“Ancestors for Us All” - Cultural Heritage and Prehistory Research in Tanzania

Mary Leakey
Mary Leakey, who would turn 102 this month, at the site of FLK-Zinj. © M.H. Day, (photo from http://www.le.ac.uk/has/ps/past/past27.html)
By Kathryn Ranhorn
February 23, 2015

While perusing museum records in Dar es Salaam last week, I came across an obituary of one Dr. Louis S.B. Leakey. Dated 1974, two years after his death, the letter was written by the late Amini Mturi, Tanzanian archaeologist and then director of the National Museums of Tanzania. In it, Mr. Mturi recounted the endless accomplishments Dr. Leakey made in the field of paleoanthropology. One sentence in particular caught my eye:

“Although Dr. Leakey was a researcher, we in Tanzania also remember him as a person who contributed greatly to the protection and preservation of our archaeological sites.” (Tanzania Notes and Records, 1974)

Mturi goes on to describe how Mary Leakey’s 1959 discovery of Zinj1 at Olduvai launched Tanzania onto the world stage. Mary and her husband Louis used this extraordinary discovery not only to gain publications in high-profile journals or to get funding from National Geographic, but they also built something that would last far beyond their tenure at Olduvai: a site museum. From 1961-1970, before the Tanzanian government stepped in to help manage Olduvai, Mary and Louis invited visitors to “On the Spot” museums, where their excavated fauna and artifacts remained uncovered in situ for the public to see. In 1970 Mary officially opened the Site Museum overlooking the gorge, which eventually held an exhibition of one her other great discoveries—the 3.4 million year old Laetoli footprints.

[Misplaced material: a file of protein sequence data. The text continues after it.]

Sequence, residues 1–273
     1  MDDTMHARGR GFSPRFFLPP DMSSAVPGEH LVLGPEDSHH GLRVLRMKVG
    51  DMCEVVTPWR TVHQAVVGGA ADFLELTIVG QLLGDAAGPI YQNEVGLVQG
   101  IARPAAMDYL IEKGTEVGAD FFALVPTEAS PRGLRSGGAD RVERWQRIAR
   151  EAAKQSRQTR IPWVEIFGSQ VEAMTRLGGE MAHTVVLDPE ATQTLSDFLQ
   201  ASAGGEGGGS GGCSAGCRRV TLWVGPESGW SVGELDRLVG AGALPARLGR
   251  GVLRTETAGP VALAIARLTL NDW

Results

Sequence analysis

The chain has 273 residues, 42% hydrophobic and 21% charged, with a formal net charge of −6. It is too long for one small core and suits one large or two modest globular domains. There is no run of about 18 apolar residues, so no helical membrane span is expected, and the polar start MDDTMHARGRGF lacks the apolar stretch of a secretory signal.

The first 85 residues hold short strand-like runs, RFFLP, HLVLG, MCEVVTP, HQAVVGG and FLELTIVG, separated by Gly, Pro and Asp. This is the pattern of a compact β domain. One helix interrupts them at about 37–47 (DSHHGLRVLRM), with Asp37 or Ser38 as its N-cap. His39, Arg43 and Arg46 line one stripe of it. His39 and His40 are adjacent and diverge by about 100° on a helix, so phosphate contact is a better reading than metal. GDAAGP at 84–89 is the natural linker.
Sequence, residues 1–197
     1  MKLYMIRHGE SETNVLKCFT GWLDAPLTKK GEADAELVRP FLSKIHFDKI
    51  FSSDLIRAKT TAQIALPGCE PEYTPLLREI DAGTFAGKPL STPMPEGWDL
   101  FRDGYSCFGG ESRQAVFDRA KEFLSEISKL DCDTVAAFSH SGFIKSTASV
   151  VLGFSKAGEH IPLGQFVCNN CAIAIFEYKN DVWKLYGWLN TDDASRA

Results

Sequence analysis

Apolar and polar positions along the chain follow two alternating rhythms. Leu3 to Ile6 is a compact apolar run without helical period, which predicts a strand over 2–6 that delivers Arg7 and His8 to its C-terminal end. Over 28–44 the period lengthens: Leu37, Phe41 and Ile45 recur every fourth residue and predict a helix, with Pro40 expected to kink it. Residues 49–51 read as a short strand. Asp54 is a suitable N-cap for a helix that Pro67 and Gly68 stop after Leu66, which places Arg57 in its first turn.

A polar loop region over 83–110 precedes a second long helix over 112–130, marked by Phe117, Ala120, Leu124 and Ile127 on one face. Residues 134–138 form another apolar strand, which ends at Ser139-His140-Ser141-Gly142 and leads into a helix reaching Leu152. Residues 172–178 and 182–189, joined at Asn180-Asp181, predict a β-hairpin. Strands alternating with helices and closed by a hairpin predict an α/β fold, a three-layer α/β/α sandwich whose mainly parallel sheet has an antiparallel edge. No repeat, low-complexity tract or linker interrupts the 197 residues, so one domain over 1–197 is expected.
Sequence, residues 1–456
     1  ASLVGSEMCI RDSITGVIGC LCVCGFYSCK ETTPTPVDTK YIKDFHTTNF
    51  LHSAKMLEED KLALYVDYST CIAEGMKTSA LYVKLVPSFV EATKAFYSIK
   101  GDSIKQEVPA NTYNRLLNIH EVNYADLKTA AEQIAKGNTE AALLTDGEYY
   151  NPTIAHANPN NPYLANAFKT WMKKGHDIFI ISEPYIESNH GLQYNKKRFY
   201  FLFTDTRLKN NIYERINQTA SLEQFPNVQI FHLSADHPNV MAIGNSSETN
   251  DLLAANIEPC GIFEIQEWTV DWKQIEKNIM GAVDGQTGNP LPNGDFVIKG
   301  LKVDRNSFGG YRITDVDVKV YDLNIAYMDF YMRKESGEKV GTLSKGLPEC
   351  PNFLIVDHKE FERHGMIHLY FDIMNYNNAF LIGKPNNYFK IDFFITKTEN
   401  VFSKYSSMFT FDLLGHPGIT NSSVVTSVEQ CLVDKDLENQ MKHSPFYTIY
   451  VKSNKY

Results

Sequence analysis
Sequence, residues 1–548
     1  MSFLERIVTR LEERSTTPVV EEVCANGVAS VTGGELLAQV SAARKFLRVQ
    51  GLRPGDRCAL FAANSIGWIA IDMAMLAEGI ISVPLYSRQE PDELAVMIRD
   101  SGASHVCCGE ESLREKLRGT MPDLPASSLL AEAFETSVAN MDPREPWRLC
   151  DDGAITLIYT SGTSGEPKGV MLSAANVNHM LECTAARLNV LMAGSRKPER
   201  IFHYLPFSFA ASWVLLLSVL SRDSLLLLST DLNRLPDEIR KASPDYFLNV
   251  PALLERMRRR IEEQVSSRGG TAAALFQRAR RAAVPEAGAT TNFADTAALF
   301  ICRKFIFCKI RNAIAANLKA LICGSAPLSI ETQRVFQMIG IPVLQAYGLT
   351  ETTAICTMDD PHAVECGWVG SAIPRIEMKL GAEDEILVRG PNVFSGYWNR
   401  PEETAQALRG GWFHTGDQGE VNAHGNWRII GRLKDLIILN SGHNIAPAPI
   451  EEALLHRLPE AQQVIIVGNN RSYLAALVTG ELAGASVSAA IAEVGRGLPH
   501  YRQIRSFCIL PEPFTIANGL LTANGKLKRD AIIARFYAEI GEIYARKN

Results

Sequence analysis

Today Olduvai Gorge, in addition to providing an elaborate record of human evolution, is one of the most visited archaeological sites in the world. An estimated 100,000 people visit this historic site every year. By establishing the museum, Mary and Louis helped Olduvai become an integral component of Tanzanian cultural heritage, while also bringing in tangible benefits in the form of revenue and local employment opportunities.

I also was influenced by the Leakeys’ efforts, as Olduvai was the first place I ever excavated. I was 19, and spending a semester at the University of Dar es Salaam when Fidelis Masao invited me to come along on his field school. Now, as I embark on my own dissertation research, a 12-month endeavor in Tanzania graciously funded by Fulbright-Hays, I must also consider what the lasting impact of my work will be. In this post I will discuss the present and future of prehistory research in Tanzania, and how foreign researchers play an important role in the continuation of cultural heritage preservation.

Present—A Primer on Conducting Research in 2015

Tanzania remains a hotspot for scientists, both foreign and local. Since 2008, the National Museum of Tanzania in Dar es Salaam has undergone intense renovations, which eventually led to the repatriation of Olduvai cultural and fossil material that had been stored in Nairobi, Kenya, for decades. Many of the most informative fossils in human evolution (e.g. OH 5, OH 7, and OH 9) are now stored in the vault in Dar es Salaam. In addition to hominin remains, abundant lithic and faunal assemblages are stored in the museum. The University of Dar es Salaam plays an important role as well, as hundreds of students are trained every year in archaeology and museum studies.

Today, prehistory research in Tanzania is executed through a multi-faceted and hierarchical system that ensures the preservation of cultural heritage. While some foreigners consider this process overwhelming and bureaucratic, it is actually quite simple.